CSIRO is in the early stages of developing virtual fences with GPS cattle collars | The lawyer – Hepburn

Growing up in regional Australia, it was not uncommon to visit friends who lived on farms outside the city.

What seemed like a coincidence at the time, but in retrospect was probably a farmer who used free labor, there was always a lot to do around the farm.

Feeding the cattle or driving headers or my personal least favorite – fencing!

It’s been some time since the last time I had to hammer a star stick into the ground. Both the fence materials and the methods of installation have improved technologically, but it is still arduous work that comes with a high price.

Some areas of Australia have very low inventory levels. In the Pilbara in Western Australia, the land requires 60 hectares for each unit of beef. As a result, the average lease area is almost 200,000 hectares.

If you only fenced in the perimeter, that would be at least 180 kilometers of fence.

At a cost of over $ 4,000 per kilometer, that would be $ 750,000 for the installation alone.

With harsh weather conditions and livestock that sometimes literally push the boundaries, ongoing maintenance is also of great importance. The solution? Virtual fence.

With organizations such as the CSIRO and the University of Western Australia involved in the early stages of virtual fencing development, a large-scale trial is now being carried out in the Pilbara of Rio Tinto.

A cow wears a virtual fence collar around its neck. This sensor has small solar panels, a GPS device, speakers, a transmitter and a device that gives the cow a short high voltage pulse when needed.

Sending signals from the device back to a satellite requires more power and precision, so a farmer would install one or more base stations on the property to communicate with the collar.

The device receives GPS information from satellites so it knows exactly where the collar is. By communicating with the local base stations, the exact position of the cow can be reported and updates can be sent back to the virtual collar.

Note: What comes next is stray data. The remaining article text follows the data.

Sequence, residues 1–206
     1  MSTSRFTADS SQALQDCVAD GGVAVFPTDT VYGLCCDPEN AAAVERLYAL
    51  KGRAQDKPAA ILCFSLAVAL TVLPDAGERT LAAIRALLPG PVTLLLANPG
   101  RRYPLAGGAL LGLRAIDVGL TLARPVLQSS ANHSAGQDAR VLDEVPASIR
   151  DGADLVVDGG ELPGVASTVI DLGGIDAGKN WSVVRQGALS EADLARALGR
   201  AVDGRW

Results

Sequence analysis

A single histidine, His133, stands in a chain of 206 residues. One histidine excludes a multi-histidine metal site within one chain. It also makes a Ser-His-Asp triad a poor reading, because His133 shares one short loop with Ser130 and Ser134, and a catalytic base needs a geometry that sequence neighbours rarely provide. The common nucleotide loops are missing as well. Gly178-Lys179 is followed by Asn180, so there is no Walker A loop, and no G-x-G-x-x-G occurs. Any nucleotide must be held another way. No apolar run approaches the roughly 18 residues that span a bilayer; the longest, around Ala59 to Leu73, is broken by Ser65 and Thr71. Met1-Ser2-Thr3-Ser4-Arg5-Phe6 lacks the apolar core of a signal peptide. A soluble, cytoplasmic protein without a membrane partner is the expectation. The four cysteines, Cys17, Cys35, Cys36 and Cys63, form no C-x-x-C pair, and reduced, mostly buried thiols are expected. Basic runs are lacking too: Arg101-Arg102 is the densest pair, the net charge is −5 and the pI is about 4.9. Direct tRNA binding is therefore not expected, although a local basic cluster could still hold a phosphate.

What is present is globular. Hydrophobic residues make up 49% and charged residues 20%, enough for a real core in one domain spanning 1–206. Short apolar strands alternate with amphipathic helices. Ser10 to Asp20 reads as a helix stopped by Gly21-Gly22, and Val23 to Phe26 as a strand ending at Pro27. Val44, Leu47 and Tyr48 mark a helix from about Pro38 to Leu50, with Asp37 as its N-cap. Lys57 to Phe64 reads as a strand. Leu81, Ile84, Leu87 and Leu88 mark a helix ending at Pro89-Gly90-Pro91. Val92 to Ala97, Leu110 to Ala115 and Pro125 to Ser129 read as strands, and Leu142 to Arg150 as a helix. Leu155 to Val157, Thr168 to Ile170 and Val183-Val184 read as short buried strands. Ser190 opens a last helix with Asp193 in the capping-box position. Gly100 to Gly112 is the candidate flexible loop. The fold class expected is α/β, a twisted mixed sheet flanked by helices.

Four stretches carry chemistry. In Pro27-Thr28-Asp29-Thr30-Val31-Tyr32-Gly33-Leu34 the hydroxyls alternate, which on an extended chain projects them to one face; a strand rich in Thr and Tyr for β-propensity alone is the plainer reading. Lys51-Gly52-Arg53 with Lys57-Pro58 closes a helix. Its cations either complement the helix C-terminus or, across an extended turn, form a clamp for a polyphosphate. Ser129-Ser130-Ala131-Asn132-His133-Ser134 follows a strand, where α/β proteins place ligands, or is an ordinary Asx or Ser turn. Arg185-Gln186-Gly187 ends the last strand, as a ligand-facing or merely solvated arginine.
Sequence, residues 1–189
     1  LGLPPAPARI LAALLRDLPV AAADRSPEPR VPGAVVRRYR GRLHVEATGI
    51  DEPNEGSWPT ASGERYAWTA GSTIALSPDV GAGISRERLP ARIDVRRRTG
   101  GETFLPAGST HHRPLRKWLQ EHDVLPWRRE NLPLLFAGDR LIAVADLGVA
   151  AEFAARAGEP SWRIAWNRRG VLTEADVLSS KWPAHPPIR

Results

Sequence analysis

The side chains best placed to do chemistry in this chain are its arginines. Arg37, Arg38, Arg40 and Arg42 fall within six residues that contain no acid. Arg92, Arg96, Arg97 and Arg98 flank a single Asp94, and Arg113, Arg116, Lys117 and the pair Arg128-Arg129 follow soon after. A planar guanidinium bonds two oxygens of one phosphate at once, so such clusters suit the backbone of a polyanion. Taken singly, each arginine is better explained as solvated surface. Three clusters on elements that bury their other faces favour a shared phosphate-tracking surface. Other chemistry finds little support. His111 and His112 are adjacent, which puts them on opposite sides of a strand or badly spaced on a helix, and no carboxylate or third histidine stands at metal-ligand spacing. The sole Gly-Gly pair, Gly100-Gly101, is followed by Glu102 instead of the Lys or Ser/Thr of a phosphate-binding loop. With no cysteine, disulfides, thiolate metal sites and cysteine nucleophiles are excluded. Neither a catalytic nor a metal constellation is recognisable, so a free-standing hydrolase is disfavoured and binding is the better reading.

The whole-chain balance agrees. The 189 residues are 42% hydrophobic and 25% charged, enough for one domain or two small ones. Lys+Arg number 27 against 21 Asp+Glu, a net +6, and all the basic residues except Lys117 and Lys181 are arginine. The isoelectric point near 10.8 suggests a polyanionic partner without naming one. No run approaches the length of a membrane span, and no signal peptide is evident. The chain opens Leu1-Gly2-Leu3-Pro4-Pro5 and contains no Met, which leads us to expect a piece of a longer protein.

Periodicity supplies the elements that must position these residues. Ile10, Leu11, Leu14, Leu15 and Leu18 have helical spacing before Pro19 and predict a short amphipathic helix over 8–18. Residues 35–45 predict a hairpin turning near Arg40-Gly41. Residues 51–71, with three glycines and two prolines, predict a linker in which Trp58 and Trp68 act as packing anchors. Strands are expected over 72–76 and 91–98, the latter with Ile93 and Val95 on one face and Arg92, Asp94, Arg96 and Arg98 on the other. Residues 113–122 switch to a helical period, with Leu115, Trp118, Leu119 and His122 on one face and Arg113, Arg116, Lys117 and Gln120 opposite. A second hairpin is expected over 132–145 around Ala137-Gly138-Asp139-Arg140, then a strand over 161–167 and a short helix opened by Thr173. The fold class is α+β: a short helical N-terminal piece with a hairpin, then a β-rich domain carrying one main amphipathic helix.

The high-tech farmer sits in front of a computer and draws on a virtual map where he would like his cattle to be.

The farmer can spell out certain areas of land to allow the areas to recuperate, or even use the collars to drive cattle to smaller areas if necessary.

Information on the movement of cattle can be tracked and exact figures are always available.

When the cattle approaches one of the virtual fences, the animal is informed by an acoustic signal that it is approaching a restricted zone. If they keep going and cross the virtual fence, an electrical pulse is used to deter further movement.

This would be similar to the shock an animal can receive if it hits an electric fence. Experiments show that cows only need 48 hours to learn that an acoustic warning means “turn around” to avoid shock.

Experiments show that cows only need 48 hours to learn that an acoustic warning means “to turn around”.

The RSPCA still has concerns about the welfare of the animals using such technologies, and most state governments currently only allow the technology to be used in experiments, but at only $ 40 per collar I can see productivity gains the The future of livestock will change agriculture.

Of course, the physical fence doesn’t just keep cattle in. It also keeps out predators such as dingoes and wild dogs.

Virtual fencing solves many problems, but keeping predators out is not one of them. More technology required!

  • Mathew Dickerson is a technologist, futurologist, and host of the Tech Talk podcast.
This story Virtual Fencing Could Be the Way of the Future for Farmers first appeared in the Canberra Times.

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